Cody’s expression was solemn. Yeah, but then we’d just be walking out on the X-Men. And on the Earth.

Remy suppressed his sigh. Earth was only his heritage, not his home. He very much wanted to go back to Chandilar. There’s not a whole lot left of the Earth, he told Cody. I saw a map and some stats.

What kind of stats?

The Shadow King has spent the last ten years overrunning the planet by force. He feeds on negative emotions-- hate and fear, like that-- so he’s kept a lot of the population alive. Remi had to pause there for Cody to make a comment, though there were no words hidden beneath it.

But he doesn’t care about the conditions they live in. The more miserable they are, the better for him. Hank made a comment the last time I saw him, that even if the Shadow King were beaten today, at least half of the people still alive would die from disease or starvation.

Cody’s green eyes reflected his horror. He understood reality as well as Remi did. Without the Shadow King to telepathically sustain them, many of the weaker ones would simply die from physical causes. Others would starve before an economic system could be re-established. And medical care would be non-existent in many parts of the world for a long time to come.

Isn’t there any way to change it? Cody finally asked.

I don’t think so, Remi answered slowly. This is how things are with the paradox undone. The doubts that lurked in the depths of his heart surged forward. The world would be a lot better place if Gambit existed instead of me.

Cody didn’t say anything, but his silence was answer enough.

"Remi? Is everything all right?" Hank was staring at him in concern. Remi came back to himself slowly, blinking to force his eyes to focus. Ever since he’d talked to Cody, he’d been unable to shake the certainty that the desolation that surrounded him was entirely his fault. Not that he’d ever done anything to ruin the world, but just by existing, he’d caused things to turn out like this.

"Yeah, Hank. I’m fine." He could tell that Hank didn’t believe him, but he was willing to let the subject drop.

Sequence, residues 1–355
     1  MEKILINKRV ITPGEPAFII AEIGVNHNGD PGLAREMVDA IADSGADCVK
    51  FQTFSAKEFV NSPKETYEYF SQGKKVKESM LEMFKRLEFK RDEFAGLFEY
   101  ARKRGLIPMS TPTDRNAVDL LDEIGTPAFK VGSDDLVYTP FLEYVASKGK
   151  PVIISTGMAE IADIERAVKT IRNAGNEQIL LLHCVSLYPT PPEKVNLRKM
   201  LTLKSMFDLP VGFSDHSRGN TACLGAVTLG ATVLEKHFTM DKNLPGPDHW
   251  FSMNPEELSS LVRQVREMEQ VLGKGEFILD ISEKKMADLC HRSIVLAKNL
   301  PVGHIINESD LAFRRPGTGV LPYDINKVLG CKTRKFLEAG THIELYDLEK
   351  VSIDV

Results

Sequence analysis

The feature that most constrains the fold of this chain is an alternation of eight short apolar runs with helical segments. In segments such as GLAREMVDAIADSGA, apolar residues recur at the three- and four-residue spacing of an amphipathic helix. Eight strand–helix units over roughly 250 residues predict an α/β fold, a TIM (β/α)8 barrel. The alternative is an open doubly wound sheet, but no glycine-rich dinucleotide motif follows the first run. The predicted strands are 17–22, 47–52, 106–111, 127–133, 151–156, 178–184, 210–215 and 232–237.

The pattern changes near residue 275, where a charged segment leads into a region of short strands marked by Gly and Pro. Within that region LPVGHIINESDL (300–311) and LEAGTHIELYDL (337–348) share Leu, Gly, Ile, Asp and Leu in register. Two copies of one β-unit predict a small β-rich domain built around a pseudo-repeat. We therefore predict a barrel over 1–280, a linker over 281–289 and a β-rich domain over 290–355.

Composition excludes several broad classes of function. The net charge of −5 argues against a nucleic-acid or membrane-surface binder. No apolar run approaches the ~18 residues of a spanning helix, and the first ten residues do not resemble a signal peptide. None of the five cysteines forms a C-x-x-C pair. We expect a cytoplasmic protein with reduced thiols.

Hank slid a notebook across the table with one clawed finger, his expression still filled with concern. "I was hoping we could go into a little more detail about this La-- La’TyEichin Principle." He stumbled over the Shi’ar mathematician’s name.

Remi shrugged. "Sure." They’d been in San Francisco for nearly four days now, and Hank had managed to co-opt several hours out of each one of them to spend learning Shi’ar developments in several rather esoteric fields. Remi knew a tremendous amount of physics, both human and Shi’ar, because it had been a focus of his education since he was small. His parents believed that, because of the nature of his powers, he ought to know as much as possible about the sciences that might help him to understand them. In turn, Remi was hoping that Hank might be able to help him figure out how they’d ended up in this timeline, and why they seemed to exist outside of the normal rules of paradox. They hadn’t made much progress, in Remi’s opinion, but Hank was too excited to notice. He glanced at the page of notes that Hank opened to, but the neat lines of equations for once failed to spark any interest in him.

He was barely aware of Hank watching him. "Do you want to tell me about it?" Hank finally asked.

Remi couldn’t look at him. "I told you about Gambit."

"The other version of you? Yes, somewhat." Hank set his pencil down quietly and folded his hands on the table.

Remi stared at his hands, and the quiet rage inside him began to boil over. "I’ve always felt like I was... in his shadow. Like I was always trying to live up to who he was."